Canadian dollar rally stalls ahead of potential further BoC easing

TORONTO (Reuters) - The Canadian dollar was little changed against its U.S. counterpart on Tuesday, with the currency steadying after a recent rally as investors weighed prospects of further easing measures this week by the Bank of Canada.

FILE PHOTO: A Canada Dollar note is seen in this June 22, 2017 illustration photo. REUTERS/Thomas White/Illustration

Money markets expect the Bank of Canada to leave its benchmark interest rate on hold at 0.25% at a scheduled policy announcement on Wednesday but the central bank could announce other measures, such as an adjustment to its asset-purchase, or quantitative easing (QE), program.

Since the start of March, the central bank has slashed interest rates by a total of 150 basis points, in a series of emergency moves, and begun buying at least C$5 billion of government bonds per week.

“If the BoC were to loosen again at the margin, we expect it to be in their QE program,” said Simon Harvey, an FX market analyst for Monex Europe and Monex Canada. “The current (C$)$5 billion of weekly purchases is a drop in the ocean compared to the US Fed’s.”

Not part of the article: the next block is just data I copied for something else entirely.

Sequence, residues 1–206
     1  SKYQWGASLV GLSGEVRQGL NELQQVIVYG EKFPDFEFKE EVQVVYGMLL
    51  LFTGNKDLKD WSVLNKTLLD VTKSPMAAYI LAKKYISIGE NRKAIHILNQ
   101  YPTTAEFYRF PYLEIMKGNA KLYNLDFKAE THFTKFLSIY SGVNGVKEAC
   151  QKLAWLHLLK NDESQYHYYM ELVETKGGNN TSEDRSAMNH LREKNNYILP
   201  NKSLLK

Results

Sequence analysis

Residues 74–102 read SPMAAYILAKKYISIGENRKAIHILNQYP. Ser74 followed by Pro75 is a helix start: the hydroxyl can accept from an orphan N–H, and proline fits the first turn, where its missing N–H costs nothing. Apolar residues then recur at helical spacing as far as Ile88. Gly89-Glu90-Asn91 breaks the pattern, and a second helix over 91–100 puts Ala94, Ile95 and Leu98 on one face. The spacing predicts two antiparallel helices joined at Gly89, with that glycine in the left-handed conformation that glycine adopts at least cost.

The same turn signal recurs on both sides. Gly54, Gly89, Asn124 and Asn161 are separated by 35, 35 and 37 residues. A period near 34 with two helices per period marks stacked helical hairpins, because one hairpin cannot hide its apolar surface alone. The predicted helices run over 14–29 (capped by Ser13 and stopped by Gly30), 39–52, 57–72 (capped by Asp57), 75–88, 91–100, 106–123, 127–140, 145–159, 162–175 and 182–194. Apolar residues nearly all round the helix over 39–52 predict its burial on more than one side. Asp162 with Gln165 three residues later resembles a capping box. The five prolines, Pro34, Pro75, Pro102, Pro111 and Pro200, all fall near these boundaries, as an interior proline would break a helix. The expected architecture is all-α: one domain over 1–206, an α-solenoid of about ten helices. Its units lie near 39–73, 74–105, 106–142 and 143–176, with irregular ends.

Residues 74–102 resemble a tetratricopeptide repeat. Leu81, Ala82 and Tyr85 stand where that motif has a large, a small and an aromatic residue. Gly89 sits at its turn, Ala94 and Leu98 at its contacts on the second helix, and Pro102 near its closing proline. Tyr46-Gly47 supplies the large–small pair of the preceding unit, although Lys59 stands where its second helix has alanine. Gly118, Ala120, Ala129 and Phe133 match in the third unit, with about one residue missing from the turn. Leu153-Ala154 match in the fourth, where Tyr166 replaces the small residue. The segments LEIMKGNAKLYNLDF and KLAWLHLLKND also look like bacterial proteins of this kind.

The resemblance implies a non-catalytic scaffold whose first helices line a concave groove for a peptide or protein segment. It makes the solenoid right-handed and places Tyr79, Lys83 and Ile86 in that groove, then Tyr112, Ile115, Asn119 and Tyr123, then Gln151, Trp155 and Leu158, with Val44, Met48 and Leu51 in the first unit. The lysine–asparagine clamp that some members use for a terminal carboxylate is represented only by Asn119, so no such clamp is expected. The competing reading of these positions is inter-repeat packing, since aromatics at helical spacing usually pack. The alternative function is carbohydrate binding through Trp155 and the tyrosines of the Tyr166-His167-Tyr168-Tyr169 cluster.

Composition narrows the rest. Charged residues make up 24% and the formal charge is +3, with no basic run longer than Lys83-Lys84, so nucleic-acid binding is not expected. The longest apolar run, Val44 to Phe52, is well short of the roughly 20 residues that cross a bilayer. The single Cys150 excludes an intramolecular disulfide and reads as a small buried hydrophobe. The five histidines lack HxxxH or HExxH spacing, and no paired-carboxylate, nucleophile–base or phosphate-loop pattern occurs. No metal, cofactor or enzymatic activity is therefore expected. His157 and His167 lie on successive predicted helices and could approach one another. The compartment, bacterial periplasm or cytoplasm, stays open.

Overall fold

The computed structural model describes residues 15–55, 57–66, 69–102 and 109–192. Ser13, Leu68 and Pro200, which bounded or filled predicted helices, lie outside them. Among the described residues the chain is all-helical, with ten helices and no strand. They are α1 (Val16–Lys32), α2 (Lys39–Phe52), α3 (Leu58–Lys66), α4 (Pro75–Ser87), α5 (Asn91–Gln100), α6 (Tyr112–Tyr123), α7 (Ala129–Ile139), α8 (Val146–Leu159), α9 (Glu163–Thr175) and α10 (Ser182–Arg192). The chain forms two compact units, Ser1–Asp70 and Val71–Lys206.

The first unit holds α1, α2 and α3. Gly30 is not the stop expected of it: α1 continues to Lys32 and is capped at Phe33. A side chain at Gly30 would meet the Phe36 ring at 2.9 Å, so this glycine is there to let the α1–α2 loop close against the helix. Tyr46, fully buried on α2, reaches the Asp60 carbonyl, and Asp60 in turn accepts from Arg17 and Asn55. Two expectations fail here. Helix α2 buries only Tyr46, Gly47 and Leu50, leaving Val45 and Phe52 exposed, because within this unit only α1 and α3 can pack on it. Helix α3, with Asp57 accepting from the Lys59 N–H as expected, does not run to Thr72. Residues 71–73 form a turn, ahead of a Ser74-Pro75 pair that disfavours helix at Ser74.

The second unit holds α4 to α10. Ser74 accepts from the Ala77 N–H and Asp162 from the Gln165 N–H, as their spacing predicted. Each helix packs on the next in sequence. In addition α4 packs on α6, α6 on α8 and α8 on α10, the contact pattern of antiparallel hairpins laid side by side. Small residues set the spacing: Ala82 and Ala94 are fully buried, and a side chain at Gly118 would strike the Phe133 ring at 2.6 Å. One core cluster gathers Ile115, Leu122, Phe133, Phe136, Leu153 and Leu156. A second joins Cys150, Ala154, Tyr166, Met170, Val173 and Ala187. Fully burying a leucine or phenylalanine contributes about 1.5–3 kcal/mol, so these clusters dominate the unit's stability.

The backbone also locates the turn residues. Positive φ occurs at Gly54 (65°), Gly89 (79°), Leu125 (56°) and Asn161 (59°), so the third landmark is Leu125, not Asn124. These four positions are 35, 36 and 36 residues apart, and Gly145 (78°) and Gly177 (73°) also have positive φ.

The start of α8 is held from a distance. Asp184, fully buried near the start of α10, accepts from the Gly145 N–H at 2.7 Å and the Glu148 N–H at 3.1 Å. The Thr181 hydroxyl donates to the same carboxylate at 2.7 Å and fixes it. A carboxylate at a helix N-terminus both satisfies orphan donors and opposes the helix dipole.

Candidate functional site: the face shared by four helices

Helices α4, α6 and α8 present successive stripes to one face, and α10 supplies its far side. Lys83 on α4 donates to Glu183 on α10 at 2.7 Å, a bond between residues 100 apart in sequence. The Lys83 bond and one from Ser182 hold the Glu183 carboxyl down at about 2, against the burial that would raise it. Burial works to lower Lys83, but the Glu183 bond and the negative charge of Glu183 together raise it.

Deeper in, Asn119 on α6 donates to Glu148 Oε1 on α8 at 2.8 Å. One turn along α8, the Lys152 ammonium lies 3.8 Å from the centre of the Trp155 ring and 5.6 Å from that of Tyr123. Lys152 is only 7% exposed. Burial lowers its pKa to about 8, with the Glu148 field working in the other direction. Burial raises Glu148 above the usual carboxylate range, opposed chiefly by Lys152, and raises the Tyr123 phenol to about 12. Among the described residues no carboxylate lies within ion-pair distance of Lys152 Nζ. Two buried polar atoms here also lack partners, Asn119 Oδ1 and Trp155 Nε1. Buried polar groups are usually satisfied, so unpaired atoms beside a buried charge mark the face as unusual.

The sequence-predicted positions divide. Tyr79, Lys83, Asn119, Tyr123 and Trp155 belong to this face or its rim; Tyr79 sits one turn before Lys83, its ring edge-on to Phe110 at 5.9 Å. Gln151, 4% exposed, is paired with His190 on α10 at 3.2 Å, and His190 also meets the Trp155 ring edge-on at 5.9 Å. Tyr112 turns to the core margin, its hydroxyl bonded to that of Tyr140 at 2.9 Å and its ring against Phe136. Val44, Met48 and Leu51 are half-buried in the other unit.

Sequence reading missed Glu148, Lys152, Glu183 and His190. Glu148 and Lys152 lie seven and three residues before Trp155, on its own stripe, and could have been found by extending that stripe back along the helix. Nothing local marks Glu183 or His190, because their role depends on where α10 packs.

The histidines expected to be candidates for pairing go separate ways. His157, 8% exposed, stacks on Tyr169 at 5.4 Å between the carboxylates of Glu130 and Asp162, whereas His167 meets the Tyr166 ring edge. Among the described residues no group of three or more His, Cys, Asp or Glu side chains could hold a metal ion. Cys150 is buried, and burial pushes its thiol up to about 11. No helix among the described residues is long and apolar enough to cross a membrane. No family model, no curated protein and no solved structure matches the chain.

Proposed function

The U.S. Federal Reserve has more than $5.9 trillion of assets on its books.

At 2:59 p.m. (1859 GMT), the Canadian dollar CAD= was trading nearly unchanged at 1.3903 to the greenback, or 71.93 U.S. cents. The currency, which on Monday touched its strongest intraday level since March 16 at 1.3852, traded in a range of 1.3863 to 1.3924.

World stocks .WORLD climbed after Chinese trade data came in better than expected and as some countries tried to restart their economies by partly lifting restrictions aimed at containing the coronavirus pandemic.

Canada is a major exporter of commodities, including oil, so its economy could be hurt particularly hard by global economic contraction.

The International Monetary Fund projected that global output would fall by 3% in 2020, with Canada’s economy expected to shrink by 6.2%.

U.S. crude oil futures CLc1 settled 10.3% lower at $20.11 a barrel, with investors doubting that record supply cuts could soon balance markets as demand plunges due to the coronavirus pandemic.

Canadian government bond yields were mixed across the curve. The 10-year CA10YT=RR was up by half of a basis point at 0.764%.

Reporting by Fergal Smith; editing by Jonathan Oatis and Marguerita Choy